Sparring was guard passage, where as ever I wasn't too successful on top. However, I did at least manage to stand, which as I've been saying for ages, is a habit I need to get used to. Underneath I was a bit more active: the main thing I wanted to try was following up a handstand sweep with a star sweep. In short, the latter technique is swinging your leg around to the same side, roll to your knees, then pull up on their leg to drop them to the floor.
It sort of worked, but the problem I have is that I'm concerned about my training partner's knee when I do that. It looks as if I'm not careful, that could tweak their knee, so definitely need to watch it when practicing the star sweep. No point in doing a technique if its likely to cause injury.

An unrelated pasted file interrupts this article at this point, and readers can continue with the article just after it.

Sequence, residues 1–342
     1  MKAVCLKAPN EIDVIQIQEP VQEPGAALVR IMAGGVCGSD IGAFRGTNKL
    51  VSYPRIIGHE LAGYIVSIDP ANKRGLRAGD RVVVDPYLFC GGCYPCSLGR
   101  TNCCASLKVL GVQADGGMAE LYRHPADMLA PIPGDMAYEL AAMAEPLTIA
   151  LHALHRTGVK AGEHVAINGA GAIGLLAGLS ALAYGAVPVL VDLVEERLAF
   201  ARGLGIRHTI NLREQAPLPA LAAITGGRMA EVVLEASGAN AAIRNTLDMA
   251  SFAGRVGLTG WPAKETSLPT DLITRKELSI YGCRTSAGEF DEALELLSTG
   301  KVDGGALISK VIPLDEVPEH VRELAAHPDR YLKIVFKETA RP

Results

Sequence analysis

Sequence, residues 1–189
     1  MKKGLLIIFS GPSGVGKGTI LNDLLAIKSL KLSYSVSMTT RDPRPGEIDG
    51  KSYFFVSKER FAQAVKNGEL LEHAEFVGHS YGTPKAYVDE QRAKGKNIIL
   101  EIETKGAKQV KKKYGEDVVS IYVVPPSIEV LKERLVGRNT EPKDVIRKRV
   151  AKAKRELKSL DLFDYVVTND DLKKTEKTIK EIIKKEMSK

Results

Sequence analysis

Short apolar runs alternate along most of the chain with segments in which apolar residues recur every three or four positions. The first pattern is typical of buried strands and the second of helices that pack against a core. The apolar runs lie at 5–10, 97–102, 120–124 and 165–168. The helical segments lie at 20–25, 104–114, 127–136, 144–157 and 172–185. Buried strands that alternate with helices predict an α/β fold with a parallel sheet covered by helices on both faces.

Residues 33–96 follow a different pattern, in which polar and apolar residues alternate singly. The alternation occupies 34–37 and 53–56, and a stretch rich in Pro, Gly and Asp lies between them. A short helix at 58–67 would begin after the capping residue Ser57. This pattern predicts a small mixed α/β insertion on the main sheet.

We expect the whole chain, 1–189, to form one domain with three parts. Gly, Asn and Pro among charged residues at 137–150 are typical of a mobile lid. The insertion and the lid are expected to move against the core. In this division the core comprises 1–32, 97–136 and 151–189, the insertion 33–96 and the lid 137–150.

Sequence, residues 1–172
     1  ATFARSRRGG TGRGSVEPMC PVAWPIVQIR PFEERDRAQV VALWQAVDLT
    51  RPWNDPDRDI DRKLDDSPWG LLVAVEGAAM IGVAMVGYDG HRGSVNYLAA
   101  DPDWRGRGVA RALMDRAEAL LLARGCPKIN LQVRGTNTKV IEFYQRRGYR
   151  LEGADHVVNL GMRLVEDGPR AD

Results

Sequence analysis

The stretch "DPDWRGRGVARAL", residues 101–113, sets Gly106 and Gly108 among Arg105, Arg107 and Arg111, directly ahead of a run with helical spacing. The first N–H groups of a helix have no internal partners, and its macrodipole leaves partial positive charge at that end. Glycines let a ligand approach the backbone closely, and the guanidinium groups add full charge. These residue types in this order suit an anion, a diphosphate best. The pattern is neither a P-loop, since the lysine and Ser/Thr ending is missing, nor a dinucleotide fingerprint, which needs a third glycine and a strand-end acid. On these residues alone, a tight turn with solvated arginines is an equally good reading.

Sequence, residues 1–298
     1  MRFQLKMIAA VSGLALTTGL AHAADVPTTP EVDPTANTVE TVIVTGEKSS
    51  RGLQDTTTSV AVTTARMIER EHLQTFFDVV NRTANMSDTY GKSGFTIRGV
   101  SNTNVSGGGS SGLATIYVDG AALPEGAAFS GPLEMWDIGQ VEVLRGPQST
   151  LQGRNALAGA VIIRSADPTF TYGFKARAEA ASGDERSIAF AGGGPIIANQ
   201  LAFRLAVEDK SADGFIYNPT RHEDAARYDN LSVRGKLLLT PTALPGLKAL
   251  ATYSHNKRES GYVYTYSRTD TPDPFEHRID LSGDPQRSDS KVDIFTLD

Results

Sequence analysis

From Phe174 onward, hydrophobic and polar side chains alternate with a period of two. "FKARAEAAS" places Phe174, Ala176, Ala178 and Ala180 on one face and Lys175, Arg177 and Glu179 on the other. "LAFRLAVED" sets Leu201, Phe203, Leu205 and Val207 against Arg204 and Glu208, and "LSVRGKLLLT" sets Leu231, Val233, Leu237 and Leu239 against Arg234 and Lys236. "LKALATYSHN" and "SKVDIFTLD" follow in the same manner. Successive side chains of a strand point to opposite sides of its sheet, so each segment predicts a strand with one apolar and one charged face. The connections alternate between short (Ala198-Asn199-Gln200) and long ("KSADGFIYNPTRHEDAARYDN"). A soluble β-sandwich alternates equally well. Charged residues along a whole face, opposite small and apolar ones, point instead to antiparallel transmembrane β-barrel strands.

Free sparring was as ever lots of escaping from side control and knee on belly. I keep forgetting to really bridge into them, like Saulo shows in his DVD set, so that's a habit I'm trying to build. Had a quick BJJ session with my gf last week, so hopefully we can make that a regular thing again. Only going through a quick warm-up at home, using techniques for drills, but still helpful to run through side control escape repeatedly.
My sister is away, so I'm probably not going to be able to make any other classes this week, as I need to be there to look after my niece (my brother-in-law came back early today, so I can get in some BJJ). Might try and do three lessons next week to make up for it, but depends on how quick my sister gets back from work.